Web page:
Pushing STEM Boundaries: Noreen Karim Discusses the Power of Making an Impact in Genome Biology at Integrated DNA Technologies

When Noreen Karim started at Integrated DNA Technologies in January 2023, she began a journey of impact and collaboration, using her STEM skills to push the boundaries of what’s possible. Noreen continues to gain new skills with the Danaher Business System (DBS) of continuous improvement. 

We met Noreen to discuss her experience and her dreams for the future. 

Please tell us a little bit about yourself and your role.

I grew up in a small village in the northwestern Pakistan called Malakand. I received my Ph.D. in Medical Genetics in Pakistan where I worked to unveil the genetic causes underlying inherited skin diseases. After completion of my PhD in 2019, I came to the United States for a postdoc to join Dr. Robert Rice’s lab at UC Davis in Environmental Toxicology where I worked on multiple projects of genetic and proteomic nature.

I joined Integrated DNA Technologies, IDT, last year in January as a Research Scientist III. The work IDT does resonates with me because number one, my career has been centered around DNA and protein analysis. And number two, this is just something that clicked with me most of the time. The sheer molecular scale of genetic material fascinates me, especially considering its profound impact on life. And so, I am in it to pursue a long-term career in molecular biology and genome technologies.

What does your day-to-day look like?

I was hired for a project related to making a kit that would make it easier to detect or sequence cancer-causing mutations. It was put on hold based on a business decision, but since then, I’ve worked on several other projects. Lately, I’m involved in a project aimed at developing CE-IVD approved products for the detection of diseases.

There are two categories of products — RUO or research-use-only products, that are used solely for laboratory research purposes and CE-IVD or products approved for invitro diagnostic uses can be used in clinical labs. The latter category products undergo rigorous testing and validations to meet regulatory requirements.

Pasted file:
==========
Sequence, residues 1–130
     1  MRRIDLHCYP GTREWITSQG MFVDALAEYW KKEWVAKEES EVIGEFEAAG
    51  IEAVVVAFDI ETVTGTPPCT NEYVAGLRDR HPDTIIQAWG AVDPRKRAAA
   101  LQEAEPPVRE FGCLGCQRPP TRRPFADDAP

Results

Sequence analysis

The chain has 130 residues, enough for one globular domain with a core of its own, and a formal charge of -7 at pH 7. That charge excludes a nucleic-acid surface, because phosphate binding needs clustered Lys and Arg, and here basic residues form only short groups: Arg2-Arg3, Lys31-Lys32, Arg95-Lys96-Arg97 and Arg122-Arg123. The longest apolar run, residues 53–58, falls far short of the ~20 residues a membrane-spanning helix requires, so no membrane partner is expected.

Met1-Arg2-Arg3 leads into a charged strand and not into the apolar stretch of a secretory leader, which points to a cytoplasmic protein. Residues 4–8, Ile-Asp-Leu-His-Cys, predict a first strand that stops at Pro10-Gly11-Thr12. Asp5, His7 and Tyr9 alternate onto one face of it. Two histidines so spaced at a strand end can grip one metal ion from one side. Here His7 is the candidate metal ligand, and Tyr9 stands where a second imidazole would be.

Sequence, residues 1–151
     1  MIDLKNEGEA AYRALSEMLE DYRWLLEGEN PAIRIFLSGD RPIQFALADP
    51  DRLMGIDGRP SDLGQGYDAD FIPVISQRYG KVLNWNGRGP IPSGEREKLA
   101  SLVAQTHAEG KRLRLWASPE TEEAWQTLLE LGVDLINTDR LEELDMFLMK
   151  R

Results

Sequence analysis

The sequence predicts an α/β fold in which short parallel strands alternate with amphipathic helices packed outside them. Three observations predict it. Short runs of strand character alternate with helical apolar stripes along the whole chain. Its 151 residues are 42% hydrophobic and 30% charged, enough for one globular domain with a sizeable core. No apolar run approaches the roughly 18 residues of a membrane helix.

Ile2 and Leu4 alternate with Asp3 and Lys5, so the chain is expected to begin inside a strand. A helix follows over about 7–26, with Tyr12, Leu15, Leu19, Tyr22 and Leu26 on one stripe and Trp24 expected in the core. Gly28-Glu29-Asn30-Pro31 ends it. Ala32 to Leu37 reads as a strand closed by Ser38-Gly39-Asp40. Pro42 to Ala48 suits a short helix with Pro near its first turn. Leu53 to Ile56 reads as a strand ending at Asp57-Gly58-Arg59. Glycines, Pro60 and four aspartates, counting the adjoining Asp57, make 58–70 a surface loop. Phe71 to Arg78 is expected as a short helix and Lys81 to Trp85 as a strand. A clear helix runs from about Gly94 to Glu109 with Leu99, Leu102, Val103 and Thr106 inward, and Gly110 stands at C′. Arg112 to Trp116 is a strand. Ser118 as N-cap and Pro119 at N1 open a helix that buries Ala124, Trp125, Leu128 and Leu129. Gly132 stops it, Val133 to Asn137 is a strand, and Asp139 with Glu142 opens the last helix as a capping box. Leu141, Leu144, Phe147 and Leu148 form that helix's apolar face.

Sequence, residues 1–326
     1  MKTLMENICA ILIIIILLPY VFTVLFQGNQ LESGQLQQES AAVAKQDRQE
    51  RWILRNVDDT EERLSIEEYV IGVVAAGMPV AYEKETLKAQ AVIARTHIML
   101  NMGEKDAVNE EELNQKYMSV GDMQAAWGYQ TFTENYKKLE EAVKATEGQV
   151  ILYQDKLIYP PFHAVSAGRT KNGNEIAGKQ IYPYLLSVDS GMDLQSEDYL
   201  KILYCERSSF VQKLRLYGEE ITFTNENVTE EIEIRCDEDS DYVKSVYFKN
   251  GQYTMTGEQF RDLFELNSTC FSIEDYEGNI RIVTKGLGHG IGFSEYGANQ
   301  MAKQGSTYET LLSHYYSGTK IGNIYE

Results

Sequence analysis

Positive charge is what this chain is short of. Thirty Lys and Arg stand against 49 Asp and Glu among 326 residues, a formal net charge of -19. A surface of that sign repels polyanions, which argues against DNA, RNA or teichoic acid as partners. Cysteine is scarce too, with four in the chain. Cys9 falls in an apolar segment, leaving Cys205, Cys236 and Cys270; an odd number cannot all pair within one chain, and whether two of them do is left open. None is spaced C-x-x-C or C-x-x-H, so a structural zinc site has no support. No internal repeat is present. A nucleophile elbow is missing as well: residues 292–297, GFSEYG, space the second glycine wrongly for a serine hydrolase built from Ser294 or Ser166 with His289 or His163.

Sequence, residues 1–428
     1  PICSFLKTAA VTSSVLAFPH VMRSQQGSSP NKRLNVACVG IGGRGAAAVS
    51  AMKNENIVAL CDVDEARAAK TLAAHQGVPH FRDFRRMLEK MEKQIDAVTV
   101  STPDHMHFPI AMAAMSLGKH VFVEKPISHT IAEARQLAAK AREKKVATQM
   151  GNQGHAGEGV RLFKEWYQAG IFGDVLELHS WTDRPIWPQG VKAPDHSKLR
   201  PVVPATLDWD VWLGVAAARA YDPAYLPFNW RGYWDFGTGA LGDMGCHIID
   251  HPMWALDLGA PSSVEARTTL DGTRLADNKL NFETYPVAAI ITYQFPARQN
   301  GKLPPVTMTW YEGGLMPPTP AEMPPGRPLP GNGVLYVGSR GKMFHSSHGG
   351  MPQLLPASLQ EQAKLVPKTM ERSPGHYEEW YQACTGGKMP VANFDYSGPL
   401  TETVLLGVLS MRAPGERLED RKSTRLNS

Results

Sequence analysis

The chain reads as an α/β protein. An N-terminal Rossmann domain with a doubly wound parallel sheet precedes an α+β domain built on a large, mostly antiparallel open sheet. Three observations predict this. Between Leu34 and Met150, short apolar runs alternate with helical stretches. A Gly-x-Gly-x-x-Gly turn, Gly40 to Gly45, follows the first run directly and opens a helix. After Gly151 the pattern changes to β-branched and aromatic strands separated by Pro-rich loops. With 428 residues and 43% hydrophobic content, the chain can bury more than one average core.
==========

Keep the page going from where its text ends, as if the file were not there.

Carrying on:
It is very exciting to be part of a product development process that has a positive impact on real people’s health and lives.

I am a Research Scientist, so I work in research, development and innovation. My day-to-day work includes designing and executing experiments to answer questions about the product ideas that we are working towards. It also entails data analysis and interpretation to draw conclusions, troubleshooting any roadblocks, as well as presentation and report writing. My day-to-day depends on where we are in the product roadmap.

For example, for this CE-IVD project, I need to ask myself, “What data do we need to fulfill the regulatory standards? What are the experiments we will need to obtain the data? What are the documents that we need to have completed?”

What are some of your most memorable moments over the year you’ve worked with IDT?

I worked in what IDT calls “sandbox projects” — projects that are not on the company’s project list but we test different ideas that can someday be developed into a product/project. I worked on a sandbox project related to cDNA synthesis.

We had an inhouse developed reverse transcriptase enzyme at IDT. My team and I developed the buffers and identified the optimal chemical and physical conditions for that enzyme. Now, that enzyme and the buffers can be used to make RNA from very minuscule quantities, down to the picogram scale. It was exciting to see something developed so well in such a short time.

I actually presented that work as a poster presentation at the last general meeting of Advances in Genome Biology and Technology (AGBT) in Florida and . I got very good feedback on that from the attendees. 

Can you talk us through what your career journey has looked like as a woman in STEM? Do you have any advice for women starting their own STEM careers?

As I mentioned, I’m from the northwestern part of Pakistan. In that area, there was a lot of resistance to women’s education at the time. During my undergrad, there were times when our university would be closed for months at a time because of threats coming from the Taliban. That was one of the things that impacted me, or rather, weighed on my mind. I was constantly reminding myself, “I have to move forward. I have to resist this resistance.” That was something that kept me progressing.